RML Short Wheelbase UK review

The biggest car company you have never heard of is paying tribute to the iconic 1960s Ferrari

What is it?

Some cars are so obscure that it is difficult to find the right place to begin, so I will just throw it out. The RML Short Wheelbase (SWB), a V12-engined berlinetta, is heavily reminiscent of the 1961 Ferrari 250 GT SWB. It was built using the bones of a Ferrari 550 Maranello and a lot of composites.

It’s not a restomod like the Alfaholics GTA-R because there is no 250-series Ferrari involved. The carbonfibre bauble is not a clean-sheet project like the Porsche 964-flavoured Ruf SCR. RML’s work blends 1990s hardware (the suspension layout and driveline) with cutting-edge manufacturing technologies (the Wellingborough-based business’s raison d’etre). This allows RML to capture, in Michael Mallock’s words, “look, sound, and tactility” of a classic GT car from the golden era of motoring.

Although you might not have heard of RML before, I bet that you do know the name of its founder Michael, a former race driver Ray, and some of its back catalog, though much of it isn’t publicised.

RML once reengineered an Aston Martin Vulcan to make it road legal. It was a bit like preparing a Tornado for commercial duties out Stansted. But it did it.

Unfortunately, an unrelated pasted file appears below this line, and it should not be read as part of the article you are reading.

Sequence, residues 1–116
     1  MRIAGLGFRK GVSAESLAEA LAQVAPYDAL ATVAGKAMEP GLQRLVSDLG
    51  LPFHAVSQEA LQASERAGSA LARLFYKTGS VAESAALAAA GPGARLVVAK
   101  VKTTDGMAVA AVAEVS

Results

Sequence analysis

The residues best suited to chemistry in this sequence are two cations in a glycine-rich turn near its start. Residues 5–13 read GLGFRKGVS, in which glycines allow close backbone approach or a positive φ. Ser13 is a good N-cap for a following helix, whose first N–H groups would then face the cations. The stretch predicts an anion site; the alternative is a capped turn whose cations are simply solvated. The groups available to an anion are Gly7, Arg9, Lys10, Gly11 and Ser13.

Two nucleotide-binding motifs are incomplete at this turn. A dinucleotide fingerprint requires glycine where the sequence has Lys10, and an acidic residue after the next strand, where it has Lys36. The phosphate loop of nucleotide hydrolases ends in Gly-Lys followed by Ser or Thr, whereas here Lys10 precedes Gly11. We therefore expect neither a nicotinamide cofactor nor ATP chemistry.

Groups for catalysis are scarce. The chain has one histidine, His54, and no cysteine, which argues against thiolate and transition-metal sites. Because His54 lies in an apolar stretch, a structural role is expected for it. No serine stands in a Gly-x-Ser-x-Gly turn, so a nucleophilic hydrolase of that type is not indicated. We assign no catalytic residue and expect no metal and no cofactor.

It also designed the engine for the Deltawing, which Nissan won at Le Mans. The company has a long history of managing works teams in the top touring car and sports car series dating back to Group C.

It also has contracts with the Ministry of Defence in relation to the reliability and upgrading of our armed forces vehicles. However, a Chinese company recently ordered an EV capable of storming the Nurburgring in under seven minutes, and it obliged.

An application to enter Formula 1 was made in 2010. Lotus is currently working on the new GT4 Emira racer.

RML is not only qualified to make the SWB, but is probably more skilled than most major manufacturers.

This means that the SWB is currently going through the same validation process and durability signing-off process as you would expect for a low-volume high-price offering by one of the major names in the industry. There is no stone unturned.

It’s what?

Mallock described the SWB at Millbrook Proving Ground as being between 80 and 85% ready for finish and setup. It is evident that the exterior is there. Even for someone who isn’t too sceptical about such projects it still has an unmistakable presence.

The Scaglietti’s beautiful curves were recreated in carbonfibre, with the body bulges at the right places. Unmistakable features include the stacked tail-lights that sit just inches above the exhausts and the crisp wheel arches. The wire-mimicking 18in wheels may seem a little unconvincing, however, if there is one thing the restomod scene has shown us, it’s the fact that both classically designed bodies and modern, low profile tyres can make a difficult marriage.

The SWB avoids appearing too large. The 550 base is compact and attractive, even before driving starts.